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Malware Analysis – Bandios – Part 2

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In the previous article, I analyzed the Bandios dropper. In this article, I’m going to analyze two of the dropped files, usp20.dll and iaStorE.sys. I recommend reading the previous article before this. Some of the information below is presented without any evidence as they were already covered in the previous article.

Note: Memory addresses mentioned in this article are just for reference. They may be different on your machine.

Code Analysis – usp20.dll

Loads KeyHook64.dll

usp20.dll is a small file. It creates a thread which loads KeyHook64.dll and then exits.

...
18000104A lea     r8, StartAddress               ; lpStartAddress
180001051 xor     r9d, r9d                       ; lpParameter
180001054 mov     [rsp+38h+threadId], rax        ; lpThreadId
180001059 xor     edx, edx                       ; dwStackSize
18000105B xor     ecx, ecx                       ; lpThreadAttributes
18000105D mov     [rsp+38h+dwCreationFlags], eax ; dwCreationFlags
180001061 call    cs:CreateThread
...
18000101F lea     rcx, LibFileName ; "KeyHook64.dll"
180001026 call    cs:LoadLibraryA
...

Analysis – iaStorE.sys

iaStorE.sys is a Windows driver file and runs in kernel-mode. Debugging such files is not possible with user-mode debuggers such as x64dbg, OllyDbg, etc. I’m going to use WinDbg to debug iaStorE.sys. There are prerequisite steps that need to be completed in order to setup a kernel debugging environment. I found this blog post to be an excellent resource.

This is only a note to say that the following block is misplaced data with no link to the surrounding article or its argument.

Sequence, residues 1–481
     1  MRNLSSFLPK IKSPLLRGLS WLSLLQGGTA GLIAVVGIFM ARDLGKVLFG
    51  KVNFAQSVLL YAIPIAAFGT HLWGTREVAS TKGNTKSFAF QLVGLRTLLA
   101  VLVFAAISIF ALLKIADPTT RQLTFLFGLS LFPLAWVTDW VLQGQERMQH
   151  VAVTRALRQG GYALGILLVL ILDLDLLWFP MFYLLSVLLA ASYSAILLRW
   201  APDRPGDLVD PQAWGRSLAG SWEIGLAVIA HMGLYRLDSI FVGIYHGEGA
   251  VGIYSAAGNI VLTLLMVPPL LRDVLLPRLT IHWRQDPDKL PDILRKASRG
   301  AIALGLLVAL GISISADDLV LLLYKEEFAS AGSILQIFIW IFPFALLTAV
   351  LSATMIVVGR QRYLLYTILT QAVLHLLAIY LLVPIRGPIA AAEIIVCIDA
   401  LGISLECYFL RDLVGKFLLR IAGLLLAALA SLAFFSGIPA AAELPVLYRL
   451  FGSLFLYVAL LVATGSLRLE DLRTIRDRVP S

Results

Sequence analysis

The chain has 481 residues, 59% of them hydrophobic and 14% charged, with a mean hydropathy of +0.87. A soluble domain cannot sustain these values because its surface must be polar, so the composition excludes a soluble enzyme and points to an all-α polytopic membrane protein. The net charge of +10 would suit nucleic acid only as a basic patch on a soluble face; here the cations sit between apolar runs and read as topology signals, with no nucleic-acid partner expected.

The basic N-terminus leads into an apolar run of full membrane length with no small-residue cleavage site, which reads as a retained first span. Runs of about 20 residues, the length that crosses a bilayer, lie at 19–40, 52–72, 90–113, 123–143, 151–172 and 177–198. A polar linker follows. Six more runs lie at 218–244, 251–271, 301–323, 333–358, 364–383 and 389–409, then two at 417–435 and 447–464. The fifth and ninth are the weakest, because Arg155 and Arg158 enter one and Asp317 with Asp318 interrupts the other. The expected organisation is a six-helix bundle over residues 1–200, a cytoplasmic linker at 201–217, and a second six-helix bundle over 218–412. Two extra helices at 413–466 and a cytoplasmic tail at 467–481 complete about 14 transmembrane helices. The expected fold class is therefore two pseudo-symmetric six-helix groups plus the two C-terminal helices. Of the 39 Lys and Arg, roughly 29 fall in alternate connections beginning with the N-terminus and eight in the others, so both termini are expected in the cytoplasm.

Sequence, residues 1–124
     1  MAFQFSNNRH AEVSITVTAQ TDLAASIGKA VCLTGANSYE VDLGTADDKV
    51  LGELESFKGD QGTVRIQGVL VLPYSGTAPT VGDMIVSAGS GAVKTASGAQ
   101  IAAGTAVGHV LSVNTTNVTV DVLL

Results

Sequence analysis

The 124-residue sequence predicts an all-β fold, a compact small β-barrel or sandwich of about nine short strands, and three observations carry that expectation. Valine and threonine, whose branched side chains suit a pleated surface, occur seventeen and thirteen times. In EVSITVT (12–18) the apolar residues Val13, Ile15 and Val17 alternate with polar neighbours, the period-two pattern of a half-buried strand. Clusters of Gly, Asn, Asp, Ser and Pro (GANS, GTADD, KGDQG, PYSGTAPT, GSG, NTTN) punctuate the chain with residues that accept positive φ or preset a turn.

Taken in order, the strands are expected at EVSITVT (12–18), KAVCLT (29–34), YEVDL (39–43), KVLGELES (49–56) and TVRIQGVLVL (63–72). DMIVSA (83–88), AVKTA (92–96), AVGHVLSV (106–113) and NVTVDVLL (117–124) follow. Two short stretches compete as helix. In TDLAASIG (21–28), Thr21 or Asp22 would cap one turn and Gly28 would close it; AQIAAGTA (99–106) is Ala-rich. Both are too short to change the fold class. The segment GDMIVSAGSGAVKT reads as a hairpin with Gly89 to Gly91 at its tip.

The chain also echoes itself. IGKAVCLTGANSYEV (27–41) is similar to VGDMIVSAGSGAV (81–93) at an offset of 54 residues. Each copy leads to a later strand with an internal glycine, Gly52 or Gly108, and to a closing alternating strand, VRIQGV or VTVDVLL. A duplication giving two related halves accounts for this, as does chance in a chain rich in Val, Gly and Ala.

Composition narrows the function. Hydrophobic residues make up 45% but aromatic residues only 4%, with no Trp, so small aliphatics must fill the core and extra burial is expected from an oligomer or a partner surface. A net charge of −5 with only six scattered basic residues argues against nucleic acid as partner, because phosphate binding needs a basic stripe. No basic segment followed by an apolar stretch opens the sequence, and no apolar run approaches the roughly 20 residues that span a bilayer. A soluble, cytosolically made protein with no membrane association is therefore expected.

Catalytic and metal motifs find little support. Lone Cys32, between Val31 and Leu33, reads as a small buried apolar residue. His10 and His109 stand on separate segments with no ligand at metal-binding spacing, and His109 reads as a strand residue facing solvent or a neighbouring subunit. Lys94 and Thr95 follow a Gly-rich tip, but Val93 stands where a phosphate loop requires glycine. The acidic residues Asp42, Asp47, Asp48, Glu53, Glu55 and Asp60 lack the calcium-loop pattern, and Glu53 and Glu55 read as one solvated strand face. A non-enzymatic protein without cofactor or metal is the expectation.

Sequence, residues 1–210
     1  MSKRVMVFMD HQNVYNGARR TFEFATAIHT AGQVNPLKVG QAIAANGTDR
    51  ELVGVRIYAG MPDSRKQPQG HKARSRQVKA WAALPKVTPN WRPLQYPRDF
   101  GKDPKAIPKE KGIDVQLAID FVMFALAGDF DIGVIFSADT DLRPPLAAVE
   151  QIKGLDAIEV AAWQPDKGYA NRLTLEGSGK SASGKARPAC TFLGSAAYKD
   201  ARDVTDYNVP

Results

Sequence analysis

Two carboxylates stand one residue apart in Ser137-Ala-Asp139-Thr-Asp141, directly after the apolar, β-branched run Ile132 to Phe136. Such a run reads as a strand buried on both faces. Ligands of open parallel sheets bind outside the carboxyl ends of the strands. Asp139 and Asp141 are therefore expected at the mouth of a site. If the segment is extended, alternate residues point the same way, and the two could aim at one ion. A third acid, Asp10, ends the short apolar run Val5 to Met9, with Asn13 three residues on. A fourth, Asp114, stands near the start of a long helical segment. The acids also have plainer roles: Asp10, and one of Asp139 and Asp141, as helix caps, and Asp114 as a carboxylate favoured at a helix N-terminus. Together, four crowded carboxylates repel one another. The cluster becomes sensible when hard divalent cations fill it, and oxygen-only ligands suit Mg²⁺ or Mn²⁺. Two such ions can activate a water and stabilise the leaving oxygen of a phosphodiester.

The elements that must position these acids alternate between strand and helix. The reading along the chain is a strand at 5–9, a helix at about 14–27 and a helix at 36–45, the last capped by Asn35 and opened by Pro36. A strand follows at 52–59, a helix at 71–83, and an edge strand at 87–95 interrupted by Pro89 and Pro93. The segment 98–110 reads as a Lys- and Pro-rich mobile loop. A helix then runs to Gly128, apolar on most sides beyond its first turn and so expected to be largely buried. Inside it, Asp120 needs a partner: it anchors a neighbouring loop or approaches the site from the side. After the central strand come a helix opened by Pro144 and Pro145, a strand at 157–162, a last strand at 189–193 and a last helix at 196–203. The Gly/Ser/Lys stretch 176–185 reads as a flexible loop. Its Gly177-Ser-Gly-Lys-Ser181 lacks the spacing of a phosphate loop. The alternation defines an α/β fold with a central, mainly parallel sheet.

Note: iaStorE.sys is a 64-bit driver. In x64 calling convention, the first argument is contained in rcx register, second argument in rdx register, third argument in r8 register, fourth argument in r9 register and following arguments on the stack in order.

WinDbg Debugging

Finding DriverEntry Address

The DriverEntry function in a driver file is equivalent to DLLMain in a DLL file. It is the first routine that is called when a driver is loaded. WinDbg‘s disassembler is not as sophisticated as IDA. It is not as straightforward to identify the DriverEntry function as it is in IDA. To make debugging easier, Microsoft provides a debug symbols server (you should already have a local copy from the kernel debugging environment setup). I’ll force reload it into WinDbg as follows:

kd> .reload /f 

The next step is to find the load address of iaStorE.sys driver in WinDbg. The base address of iaStorE.sys file when opened in IDA is 0x10000 and the DriverEntry function is located at 0x11064. The DriverEntry function is located at an offset of 0x1064 from the base address. This offset will remain the same even in WinDbg.

iaStorE.sys Base Address in IDA

To find the load address and step through, I had to break the moment iaStorE.sys was loaded. The following command ensures a break on module load:

kd> sxe ld dump_iaStorE.sys

Note: WinDbg displayed iaStorE.sys driver as dump_iaStorE.sys. I realized this when I was going over the list of loaded modules.

The g command allows Windows OS to resume execution. It will break when iaStorE.sys is loaded and when it does, we can use the lm command to list loaded modules along with their address range.

kd> g

0: kd> lm
start            end                module name
fffff80000b9b000 fffff80000ba5000   kdcom      (pdb symbols)          C:\ProgramData\dbg\sym\kdcom.pdb\9E6B09064E1049C8976FD3ABC6B079BB2\kdcom.pdb
fffff80002a10000 fffff80002a59000   hal        (pdb symbols)          C:\ProgramData\dbg\sym\hal.pdb\A085D08B9C5D4BFDBA48AC285BDA03F22\hal.pdb
fffff80002a59000 fffff80003040000   nt         (pdb symbols)          C:\ProgramData\dbg\sym\ntkrnlmp.pdb\2E37F962D699492CAAF3F9F4E9770B1D2\ntkrnlmp.pdb
...
fffff880016c8000 fffff880016d1000   dump_iaStorE   (no symbols)
...

We can see above that dump_iaStorE.sys is loaded at address 0xfffff880016c8000. From our previous offset calculation, the DriverEntry function should be located at 0xfffff880016c9064. We can disassemble instructions at an address using the u command. Comparing the instructions with those seen in IDA, we can say that the DriverEntry function is indeed at 0xfffff880016c9064.

0: kd> u 0xfffff880016c9064
dump_iaStorE+0x1064: